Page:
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ALTIUS | Belgium | 19 Apr 2019

Licence to contract – licence agreements and insolvency law

In an insolvency situation, the fate of ongoing contracts is something to be discussed. Such contracts are often closely linked to the essence of a company's business. For example, for (commercial) leases, a lessor's bankruptcy or a tenant's judicial reorganisation will probably result in discussions about the agreement, its (forced) execution and rental payments. If a company's activities......
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Howse Williams 何韋律師行 | Hong Kong | 3 Apr 2019

When 'wages' mean more than just your salary

In Hong Kong, an employment contract can be terminated by either the employer or the employee by giving the other party notice or making a payment in lieu of notice. A payment in lieu of notice is calculated by reference to the average daily wages earned by the employee in the 12 months preceding the day on which notice of termination is given. It is therefore important to understand what is......
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Nagashima Ohno & Tsunematsu | Japan | 27 Mar 2019

Fixed overtime payment arrangements

Under Japanese law, employers must – in principle – pay an allowance to employees who work more than eight hours per day or 40 hours per week. As such, from an employer's perspective, it is practical to include an employee's overtime allowance in their base salary where possible. However, for an employee's overtime allowance to be validly included in their base salary, certain requirements......
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AKD | Netherlands | 13 Mar 2019

Dutch dismissal law in a nutshell

Dutch dismissal law contains certain distinguishing elements which make it unique within Europe. For example, it is based on a dual system, which includes a preventive dismissal assessment. Employers that intend to dismiss employees must be mindful of these unique features. Otherwise, the dismissal attempt may fail, resulting in the nominated employee remaining in the company's employment or......
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Castegnaro | Luxembourg | 13 Mar 2019

Notable Labour Court of Appeal decisions in 2018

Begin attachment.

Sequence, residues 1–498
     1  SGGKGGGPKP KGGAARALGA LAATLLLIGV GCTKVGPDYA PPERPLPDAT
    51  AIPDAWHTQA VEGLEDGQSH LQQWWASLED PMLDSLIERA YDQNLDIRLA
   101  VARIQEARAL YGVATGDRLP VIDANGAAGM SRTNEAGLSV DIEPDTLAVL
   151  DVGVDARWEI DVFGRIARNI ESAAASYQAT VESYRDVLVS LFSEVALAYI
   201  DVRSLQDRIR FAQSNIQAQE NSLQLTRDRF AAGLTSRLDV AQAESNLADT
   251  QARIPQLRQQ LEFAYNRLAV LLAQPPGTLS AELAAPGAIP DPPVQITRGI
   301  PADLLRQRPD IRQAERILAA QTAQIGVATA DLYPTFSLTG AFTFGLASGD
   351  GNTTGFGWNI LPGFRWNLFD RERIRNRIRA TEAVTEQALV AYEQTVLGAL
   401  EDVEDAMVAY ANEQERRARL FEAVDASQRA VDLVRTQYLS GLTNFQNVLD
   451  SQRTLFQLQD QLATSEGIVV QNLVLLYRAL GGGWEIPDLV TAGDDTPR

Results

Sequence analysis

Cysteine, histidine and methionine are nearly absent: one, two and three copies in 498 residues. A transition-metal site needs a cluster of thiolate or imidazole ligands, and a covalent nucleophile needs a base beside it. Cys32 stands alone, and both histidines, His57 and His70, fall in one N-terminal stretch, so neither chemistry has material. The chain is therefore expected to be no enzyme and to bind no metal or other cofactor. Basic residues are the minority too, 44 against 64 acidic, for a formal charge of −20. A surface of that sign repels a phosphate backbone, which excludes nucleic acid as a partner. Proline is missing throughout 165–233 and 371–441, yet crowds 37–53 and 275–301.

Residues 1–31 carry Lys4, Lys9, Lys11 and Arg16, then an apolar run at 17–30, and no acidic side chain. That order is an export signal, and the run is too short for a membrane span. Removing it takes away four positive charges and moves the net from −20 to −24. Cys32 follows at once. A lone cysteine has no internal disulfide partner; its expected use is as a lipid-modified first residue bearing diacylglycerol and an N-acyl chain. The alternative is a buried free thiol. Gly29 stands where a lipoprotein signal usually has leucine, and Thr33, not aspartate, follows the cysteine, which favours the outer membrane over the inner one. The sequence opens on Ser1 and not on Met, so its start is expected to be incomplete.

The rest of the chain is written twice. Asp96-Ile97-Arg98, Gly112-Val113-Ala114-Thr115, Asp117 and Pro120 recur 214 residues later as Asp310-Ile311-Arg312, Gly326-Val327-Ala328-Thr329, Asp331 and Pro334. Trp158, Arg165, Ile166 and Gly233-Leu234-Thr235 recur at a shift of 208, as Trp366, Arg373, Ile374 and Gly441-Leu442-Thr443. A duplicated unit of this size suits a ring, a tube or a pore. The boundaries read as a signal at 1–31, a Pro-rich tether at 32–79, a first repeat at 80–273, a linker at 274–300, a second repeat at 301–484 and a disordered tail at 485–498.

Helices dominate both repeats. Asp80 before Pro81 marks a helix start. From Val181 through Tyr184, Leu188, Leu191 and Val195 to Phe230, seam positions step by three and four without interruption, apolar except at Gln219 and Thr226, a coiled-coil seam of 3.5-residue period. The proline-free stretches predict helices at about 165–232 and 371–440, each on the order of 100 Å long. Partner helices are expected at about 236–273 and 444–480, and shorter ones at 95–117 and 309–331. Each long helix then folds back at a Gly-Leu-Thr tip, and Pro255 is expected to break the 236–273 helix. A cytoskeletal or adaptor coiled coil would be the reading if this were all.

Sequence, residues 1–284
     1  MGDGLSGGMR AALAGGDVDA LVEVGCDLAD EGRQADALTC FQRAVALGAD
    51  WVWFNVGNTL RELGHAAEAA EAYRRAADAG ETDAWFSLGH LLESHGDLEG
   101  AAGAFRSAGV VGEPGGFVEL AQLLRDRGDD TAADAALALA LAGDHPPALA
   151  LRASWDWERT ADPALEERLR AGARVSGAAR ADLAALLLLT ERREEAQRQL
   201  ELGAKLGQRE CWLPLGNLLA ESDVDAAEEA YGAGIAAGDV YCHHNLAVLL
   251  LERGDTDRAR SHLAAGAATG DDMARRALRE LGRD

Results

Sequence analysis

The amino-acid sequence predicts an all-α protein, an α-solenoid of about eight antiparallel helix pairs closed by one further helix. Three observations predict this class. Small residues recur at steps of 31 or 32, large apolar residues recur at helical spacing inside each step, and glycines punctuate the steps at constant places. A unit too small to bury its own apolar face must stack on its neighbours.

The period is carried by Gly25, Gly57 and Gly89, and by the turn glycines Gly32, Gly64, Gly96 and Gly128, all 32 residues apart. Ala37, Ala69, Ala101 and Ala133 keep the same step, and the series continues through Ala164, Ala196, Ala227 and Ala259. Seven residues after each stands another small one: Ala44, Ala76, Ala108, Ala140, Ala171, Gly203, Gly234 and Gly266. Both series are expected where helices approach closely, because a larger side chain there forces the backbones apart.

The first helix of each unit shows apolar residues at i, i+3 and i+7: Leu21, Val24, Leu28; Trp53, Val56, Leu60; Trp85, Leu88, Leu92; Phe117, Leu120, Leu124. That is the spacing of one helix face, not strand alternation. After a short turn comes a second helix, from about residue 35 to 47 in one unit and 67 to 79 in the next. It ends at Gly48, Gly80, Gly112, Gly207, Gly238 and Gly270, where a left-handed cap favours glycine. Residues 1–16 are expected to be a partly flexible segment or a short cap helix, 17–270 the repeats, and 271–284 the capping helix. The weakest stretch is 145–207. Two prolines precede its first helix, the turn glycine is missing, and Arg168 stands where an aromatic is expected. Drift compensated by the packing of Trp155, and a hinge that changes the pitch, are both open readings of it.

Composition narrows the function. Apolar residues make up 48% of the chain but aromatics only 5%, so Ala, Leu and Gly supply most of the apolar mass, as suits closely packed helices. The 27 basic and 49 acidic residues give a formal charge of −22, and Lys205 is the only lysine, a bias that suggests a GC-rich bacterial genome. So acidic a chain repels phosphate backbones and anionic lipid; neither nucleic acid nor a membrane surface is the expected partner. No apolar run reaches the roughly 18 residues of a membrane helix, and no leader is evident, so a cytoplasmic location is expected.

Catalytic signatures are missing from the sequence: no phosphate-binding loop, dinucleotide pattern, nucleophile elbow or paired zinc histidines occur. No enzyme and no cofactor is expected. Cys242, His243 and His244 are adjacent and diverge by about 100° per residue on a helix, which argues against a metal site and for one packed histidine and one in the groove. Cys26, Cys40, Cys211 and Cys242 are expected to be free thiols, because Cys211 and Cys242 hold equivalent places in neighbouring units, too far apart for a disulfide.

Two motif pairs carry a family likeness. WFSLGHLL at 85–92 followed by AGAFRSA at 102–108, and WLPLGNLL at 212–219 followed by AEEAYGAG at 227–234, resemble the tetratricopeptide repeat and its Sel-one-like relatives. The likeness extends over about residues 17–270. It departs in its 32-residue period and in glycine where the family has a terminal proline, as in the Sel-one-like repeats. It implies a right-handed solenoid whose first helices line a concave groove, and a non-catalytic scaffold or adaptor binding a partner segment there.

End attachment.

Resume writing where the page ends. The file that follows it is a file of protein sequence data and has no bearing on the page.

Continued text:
The Labour Court of Appeal issued a number of notable decisions in 2018. For example, it held that the high level of freedom enjoyed by a senior manager with regard to the organisation of their work must be exercised within the limits of their relationship of subordination with their employer. Further, it held that the burden of proof of overtime falls on the employee who requests payment,......
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Gün + Partners | Turkey | 6 Mar 2019

Supreme Court rules inappropriately worded emails are valid reason for termination

The Supreme Court recently found that the failure of employees to use appropriate language in their written workplace correspondence with superiors or colleagues constitutes a valid reason for termination. The court held that although the actions of the employee in question had not been serious enough to constitute just cause for termination and deprive him of his termination benefits, the......
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Carey Olsen | Bermuda | 28 Feb 2019

Know your rights when made redundant

Bermuda's reinsurance market has not been immune to changes in the world's economic market. A rise in mergers and acquisitions has led to an increase in redundancies within the Bermuda workforce. Employees should be aware of their rights when made redundant and should always seek legal advice to ensure that their redundancy is both lawful and fair.
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CMS Albiñana & Suárez de Lezo | Spain | 20 Feb 2019

Ignore the collective dismissal regulations… at your peril!

The Supreme Court recently concluded that the implementation of individual redundancies which collectively exceed the applicable statutory thresholds should be carried out in accordance with the legal procedure for collective dismissals, even if agreements have been reached with employee representatives. This case was particularly complex due to the fact that the employment terminations had......
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Lee & Ko | South Korea | 6 Feb 2019

Key changes to Labour Standards Act in 2019

In 2018 there were major reforms to South Korean employment laws, including the Labour Standards Act. This resulted in many employers struggling to adjust employees' weekly working hours to comply with, for example, the new 52-hour limit. The legislative reforms and amendments proposed in 2018 will take effect in 2019. For example, a duty to prevent workplace harassment will be introduced, as......
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RPC | Hong Kong, United Kingdom | 18 Dec 2018

Former employees gain head start?

The High Court recently considered the general legal principles for the grant of injunctive relief to protect an employer's confidential information alleged to have been taken by one or more former employees for the benefit of their new company. The outcome in the case (to date) illustrates the balance that the courts must often strike between recognising the legitimate interests of an......
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